On August 14, 1968, President Lyndon Johnson landed in a helicopter in the Rice Stadium parking lot with absolutely no warning. At about 11:30 that morning someone in the Rice administration got a phone call from a reporter, who told him that the president was going to be arriving there in a couple of hours. (I don’t know who this person was, even though he wrote up a detailed description of what happened that day, because he did not put his name on the memo he deposited in the files. Let this be a lesson to us all.) No one from the Secret Service or anyone else for that matter ever told the University that this was going to happen–all the information they had, from start to finish, came from reporters. It was August and classes hadn’t started, so most of Rice’s senior administration wasn’t around. (It strikes me just now that President Pitzer may have very recently resigned. In any event, he wasn’t there. The highest ranking person on campus that day seems to have been the Dean of Humanities–I’m not sure if that’s funny or sad, but my first impulse is to laugh.) A certain amount of chaos ensued.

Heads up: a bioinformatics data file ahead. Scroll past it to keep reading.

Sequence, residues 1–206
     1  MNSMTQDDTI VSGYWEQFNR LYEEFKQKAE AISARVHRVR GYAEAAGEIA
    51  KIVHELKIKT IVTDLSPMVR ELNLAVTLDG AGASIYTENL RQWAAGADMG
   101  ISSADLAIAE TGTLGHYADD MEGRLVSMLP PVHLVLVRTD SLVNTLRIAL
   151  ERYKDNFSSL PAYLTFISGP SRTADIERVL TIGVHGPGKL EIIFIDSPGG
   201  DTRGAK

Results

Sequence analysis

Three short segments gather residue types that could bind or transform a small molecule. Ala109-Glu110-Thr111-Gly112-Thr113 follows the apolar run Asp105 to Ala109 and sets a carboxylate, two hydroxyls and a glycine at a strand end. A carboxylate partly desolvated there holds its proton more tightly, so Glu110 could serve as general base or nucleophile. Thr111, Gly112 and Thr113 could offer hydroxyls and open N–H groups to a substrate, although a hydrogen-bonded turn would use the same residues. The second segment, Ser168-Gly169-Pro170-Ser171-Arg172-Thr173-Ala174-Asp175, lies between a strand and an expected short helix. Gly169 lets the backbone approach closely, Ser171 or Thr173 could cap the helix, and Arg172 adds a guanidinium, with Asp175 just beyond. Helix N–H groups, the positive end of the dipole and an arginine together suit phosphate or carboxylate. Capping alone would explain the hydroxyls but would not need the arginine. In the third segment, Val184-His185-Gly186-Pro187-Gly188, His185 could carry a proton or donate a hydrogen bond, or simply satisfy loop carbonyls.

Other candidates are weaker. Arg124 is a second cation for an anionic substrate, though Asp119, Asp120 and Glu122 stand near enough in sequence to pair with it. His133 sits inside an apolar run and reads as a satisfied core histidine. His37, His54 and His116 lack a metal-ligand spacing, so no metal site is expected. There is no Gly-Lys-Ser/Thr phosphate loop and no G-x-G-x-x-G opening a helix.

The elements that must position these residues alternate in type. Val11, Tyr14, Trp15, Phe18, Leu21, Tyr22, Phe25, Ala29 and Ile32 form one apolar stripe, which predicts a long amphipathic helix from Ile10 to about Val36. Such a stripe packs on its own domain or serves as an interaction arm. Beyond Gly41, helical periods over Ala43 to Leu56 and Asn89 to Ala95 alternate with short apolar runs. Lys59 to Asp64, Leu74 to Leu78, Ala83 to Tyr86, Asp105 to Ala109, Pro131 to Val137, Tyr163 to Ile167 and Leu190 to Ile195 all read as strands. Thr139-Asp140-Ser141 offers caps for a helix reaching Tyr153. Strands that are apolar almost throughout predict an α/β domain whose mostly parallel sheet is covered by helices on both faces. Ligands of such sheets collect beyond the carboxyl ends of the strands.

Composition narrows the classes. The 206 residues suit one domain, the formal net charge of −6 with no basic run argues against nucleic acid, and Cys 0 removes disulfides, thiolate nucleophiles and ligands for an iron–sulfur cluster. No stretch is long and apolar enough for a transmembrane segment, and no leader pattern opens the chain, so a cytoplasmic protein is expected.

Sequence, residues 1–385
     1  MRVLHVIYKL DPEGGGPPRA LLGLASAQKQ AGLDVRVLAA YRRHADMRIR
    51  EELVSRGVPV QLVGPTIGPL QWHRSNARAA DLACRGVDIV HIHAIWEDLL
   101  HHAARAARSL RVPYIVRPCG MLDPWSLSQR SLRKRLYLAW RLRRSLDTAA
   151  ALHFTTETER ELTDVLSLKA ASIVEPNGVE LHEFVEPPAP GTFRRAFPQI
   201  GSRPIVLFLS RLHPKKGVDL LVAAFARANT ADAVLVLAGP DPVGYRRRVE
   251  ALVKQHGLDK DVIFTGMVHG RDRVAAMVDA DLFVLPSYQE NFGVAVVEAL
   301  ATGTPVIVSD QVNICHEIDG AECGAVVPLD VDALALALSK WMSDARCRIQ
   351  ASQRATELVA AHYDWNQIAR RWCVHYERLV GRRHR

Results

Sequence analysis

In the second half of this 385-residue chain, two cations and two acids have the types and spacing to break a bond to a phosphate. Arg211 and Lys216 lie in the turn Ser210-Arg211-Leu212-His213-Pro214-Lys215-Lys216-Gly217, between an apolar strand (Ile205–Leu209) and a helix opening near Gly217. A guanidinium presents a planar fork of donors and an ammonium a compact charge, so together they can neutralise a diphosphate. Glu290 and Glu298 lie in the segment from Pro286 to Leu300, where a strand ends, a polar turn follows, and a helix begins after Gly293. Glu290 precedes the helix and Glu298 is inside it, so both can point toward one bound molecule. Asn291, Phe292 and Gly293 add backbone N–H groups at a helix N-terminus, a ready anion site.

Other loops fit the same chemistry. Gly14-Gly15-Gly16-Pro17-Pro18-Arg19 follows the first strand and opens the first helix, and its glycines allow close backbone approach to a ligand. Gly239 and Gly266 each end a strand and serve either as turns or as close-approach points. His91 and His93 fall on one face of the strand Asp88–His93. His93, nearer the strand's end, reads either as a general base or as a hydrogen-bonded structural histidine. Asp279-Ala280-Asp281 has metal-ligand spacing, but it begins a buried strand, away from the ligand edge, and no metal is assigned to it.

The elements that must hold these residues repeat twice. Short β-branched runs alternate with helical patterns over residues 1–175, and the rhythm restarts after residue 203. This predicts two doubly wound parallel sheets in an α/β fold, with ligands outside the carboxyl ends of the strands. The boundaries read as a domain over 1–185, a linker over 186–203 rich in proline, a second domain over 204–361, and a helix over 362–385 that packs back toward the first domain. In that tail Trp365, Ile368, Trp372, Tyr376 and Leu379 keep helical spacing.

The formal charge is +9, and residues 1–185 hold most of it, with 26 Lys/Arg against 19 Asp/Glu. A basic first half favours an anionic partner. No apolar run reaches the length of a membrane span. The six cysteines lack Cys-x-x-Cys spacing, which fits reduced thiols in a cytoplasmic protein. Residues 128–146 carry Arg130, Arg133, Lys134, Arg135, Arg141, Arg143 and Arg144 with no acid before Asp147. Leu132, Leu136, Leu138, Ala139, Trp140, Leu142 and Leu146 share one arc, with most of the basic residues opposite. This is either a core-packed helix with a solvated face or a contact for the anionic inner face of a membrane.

In the end, Rice people from Campus Security and what was then called Building and Grounds Maintenance set up a landing spot on “the only logical and safe air path on the campus” with some bright yellow canvas panels that someone ran over and bought from a dry goods store in the Village. News people were now calling and asking for press credentials to cover the landing, which still no one had told Rice was going to occur. (They didn’t get them.) When Rice sent someone over to Ellington Field, it was clear that LBJ was about to arrive by plane but no one would tell them where he was going from there. He landed near the stadium just before 2:00.
Johnson was then swept in a limo over to the Shamrock Hotel, where he gave a rostrum-pounding, barn-burner of a speech to the mostly black doctors’ organization, the National Medical Association, from whom he received a thunderous welcome. (He told them to restrain medicare fees.) By the time he got back to the helicopter at Rice, a small group of Gene McCarthy supporters were waiting, but according to newspaper accounts he didn’t look at them.